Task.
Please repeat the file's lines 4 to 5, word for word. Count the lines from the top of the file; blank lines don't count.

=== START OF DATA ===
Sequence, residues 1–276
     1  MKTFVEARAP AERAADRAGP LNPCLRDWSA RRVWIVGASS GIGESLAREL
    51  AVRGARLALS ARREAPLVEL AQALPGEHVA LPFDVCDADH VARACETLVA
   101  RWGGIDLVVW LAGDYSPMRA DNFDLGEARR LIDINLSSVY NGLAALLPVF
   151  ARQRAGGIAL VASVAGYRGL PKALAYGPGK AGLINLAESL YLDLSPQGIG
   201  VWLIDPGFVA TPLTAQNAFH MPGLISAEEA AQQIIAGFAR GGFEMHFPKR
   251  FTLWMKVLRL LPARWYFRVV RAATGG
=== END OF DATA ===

   101  RWGGIDLVVW LAGDYSPMRA DNFDLGEARR LIDINLSSVY NGLAALLPVF
   151  ARQRAGGIAL VASVAGYRGL PKALAYGPGK AGLINLAESL YLDLSPQGIG